Friday, November 4, 2011

Sleeve Ruffles

On Mrs. P.'s recent journey to study all things 18th century, she spent many hours in many places looking at many things, but also chose to focus and ask to examine certain things.  One of which was sleeve ruffles.

Those necessary and yet so often overlooked accessories that can often make or break an entire impression.  I saw a large number and variety of ruffles.  Plain, laced, dresden work, simple and fancy whitework of all sorts and one pair that had a lovely array of eyelets worked around the edges!  Fabrics were muslin, linen, dimity and net, and yes, I said net.  (the net pair will probably be the first that I will try to reproduce).  Loved, Loved Loved!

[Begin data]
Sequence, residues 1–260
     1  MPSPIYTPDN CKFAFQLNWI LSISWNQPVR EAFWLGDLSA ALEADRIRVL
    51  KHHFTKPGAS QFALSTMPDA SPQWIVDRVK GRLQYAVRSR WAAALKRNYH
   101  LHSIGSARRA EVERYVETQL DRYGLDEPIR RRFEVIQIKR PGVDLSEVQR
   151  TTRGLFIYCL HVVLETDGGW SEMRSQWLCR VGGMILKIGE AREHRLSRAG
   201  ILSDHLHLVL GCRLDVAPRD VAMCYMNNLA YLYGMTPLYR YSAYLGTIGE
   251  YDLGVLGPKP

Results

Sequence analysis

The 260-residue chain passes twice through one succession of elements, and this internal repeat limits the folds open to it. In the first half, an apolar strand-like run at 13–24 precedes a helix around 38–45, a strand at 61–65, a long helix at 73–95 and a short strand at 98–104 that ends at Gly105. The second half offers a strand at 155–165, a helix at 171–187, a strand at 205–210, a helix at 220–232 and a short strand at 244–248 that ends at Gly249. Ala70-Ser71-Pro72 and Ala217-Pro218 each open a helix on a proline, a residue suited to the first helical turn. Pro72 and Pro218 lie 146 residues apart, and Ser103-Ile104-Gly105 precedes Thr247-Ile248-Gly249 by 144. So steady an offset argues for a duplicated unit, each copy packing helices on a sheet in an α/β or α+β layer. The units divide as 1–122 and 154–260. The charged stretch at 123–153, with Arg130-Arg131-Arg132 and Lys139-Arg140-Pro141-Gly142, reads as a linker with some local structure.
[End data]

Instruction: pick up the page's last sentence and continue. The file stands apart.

Antique Textiles
This example from Antiques Textiles is very similar to those plain muslin ruffles that I examined.  The construction is as I have always thought and use today when I make sleeve ruffles, the fabric is gathered with whip gathers, and attached to the linen tape.  That was the universal way of attaching the fabric to the tape regardless of the style of the ruffle.  Not up for discussion, incontrovertible evidence of a sewing stitch not previously thought to be used in the 18th century.   Whip gathers allow the fabric to actually be hinged to the tape, which lets the fabric flair out and stand proud of the tape.  It is always nice to be validated, but it is more important is to find documented evidence of a useful technique.

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